The mushroom cultivator. A practical guide to growing mushrooms at home

Paul Stamets. The mushroom cultivator. A practical guide to growing mushrooms at home. - Agarikon press, 1983

Содержание

FOREWORD by Dr. Andrew Weil

PREFACE

I. INTRODUCTION TO MUSHROOM CULTURE

II. STERILE TECHNIQUE AND AGAR CULTURE

III. GRAIN CULTURE

IV. THE MUSHROOM GROWING ROOM

V. COMPOST PREPARATION

VI. NON-COMPOSTED SUBSTRATES

VII. SPAWNING AND SPAWN RUNNING IN BULK SUBSTRATES

VIII. THE CASING LAYER

IX. STRATEGIES FOR MUSHROOM FORMATION (PINHEAD INITIATION)

X. ENVIRONMENTAL FACTORS: SUSTAINING THE MUSHROOM CROP

XL GROWING PARAMETERS FOR VARIOUS MUSHROOM SPECIES

XII. CULTIVATION PROBLEMS AND THEIR SOLUTIONS: A TROUBLESHOOTING GUIDE

XIII. THE CONTAMINANTS OF MUSHROOM CULTURE: IDENTIFICATION AND CONTROL

XIV. THE PESTS OF MUSHROOM CULTURE

XV. MUSHROOM GENETICS

APPENDICES

GLOSSARY

BIBLIOGRAPHY

INDEX

PHOTOGRAPHY AND ILLUSTRATION CREDITS

ACKNOWLEDGEMENTS

OCR
Sterile Technique and Agar Culture/39
Although a strain may be preserved over the long term using this method, will it be as productive as when it was first stored? Other studies have concluded that strains saved for more than 5
years under mineral oil showed distinct signs of degeneration while these same strains were just as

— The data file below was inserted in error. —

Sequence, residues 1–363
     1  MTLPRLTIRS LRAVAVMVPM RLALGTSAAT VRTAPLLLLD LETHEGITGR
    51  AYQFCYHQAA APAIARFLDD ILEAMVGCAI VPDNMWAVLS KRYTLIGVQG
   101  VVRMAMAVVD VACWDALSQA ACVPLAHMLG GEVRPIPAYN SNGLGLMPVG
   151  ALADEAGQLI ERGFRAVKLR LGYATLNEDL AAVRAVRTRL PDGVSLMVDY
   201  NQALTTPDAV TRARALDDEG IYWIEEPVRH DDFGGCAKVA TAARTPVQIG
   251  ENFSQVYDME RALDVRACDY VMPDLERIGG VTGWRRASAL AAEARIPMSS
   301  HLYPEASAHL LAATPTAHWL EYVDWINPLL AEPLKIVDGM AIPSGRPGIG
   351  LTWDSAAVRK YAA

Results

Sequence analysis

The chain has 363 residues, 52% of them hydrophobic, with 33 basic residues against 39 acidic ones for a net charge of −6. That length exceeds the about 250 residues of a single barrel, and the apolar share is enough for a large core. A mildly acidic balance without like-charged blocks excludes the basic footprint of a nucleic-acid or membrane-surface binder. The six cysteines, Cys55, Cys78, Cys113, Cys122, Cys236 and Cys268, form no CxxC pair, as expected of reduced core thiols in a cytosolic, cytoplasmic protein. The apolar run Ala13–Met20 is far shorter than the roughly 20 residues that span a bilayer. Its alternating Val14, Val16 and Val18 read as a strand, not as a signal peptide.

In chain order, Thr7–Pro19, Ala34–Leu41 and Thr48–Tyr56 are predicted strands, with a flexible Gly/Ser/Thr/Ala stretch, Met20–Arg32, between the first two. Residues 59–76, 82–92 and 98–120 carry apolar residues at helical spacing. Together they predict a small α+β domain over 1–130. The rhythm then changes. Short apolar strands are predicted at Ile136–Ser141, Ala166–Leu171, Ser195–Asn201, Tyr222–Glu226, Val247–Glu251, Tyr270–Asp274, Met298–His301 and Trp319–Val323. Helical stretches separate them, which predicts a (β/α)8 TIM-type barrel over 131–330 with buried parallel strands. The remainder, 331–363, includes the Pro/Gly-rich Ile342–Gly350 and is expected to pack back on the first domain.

productive at 2½ years as the day they were preserved. Nevertheless, it is not unreasonable to

presume, based on these studies, that cultures can be stored up to two years without serious
impairment to their vitality.
Four other methods of preservation include: the immersion of slants into liquid nitrogen (an expensive procedure); the inoculation of washed sterilized horse manure/straw compost that is then
kept at 36-38 F. (See Chapter V on compost preparation); the inoculation of sawdust/bran media
for wood decomposers (see section in Chapter III on alternative spawn media); or saving spores
aceptically under refrigerated conditions—perhaps the simplest method for home cultivators.

Whatever method is used, remember that the mushroom's nature is to fruit, sporulate and
evolve. Cultivation techniques should evolve with the mushroom and the cultivator must selectively
isolate and maintain promising strains as they develop. So don't be too surprised if five years down
the line a stored strain poorly resembles the original in its fruiting potential or form.

Figure 43

Culture slant of healthy mycelium

ready for cool storage.

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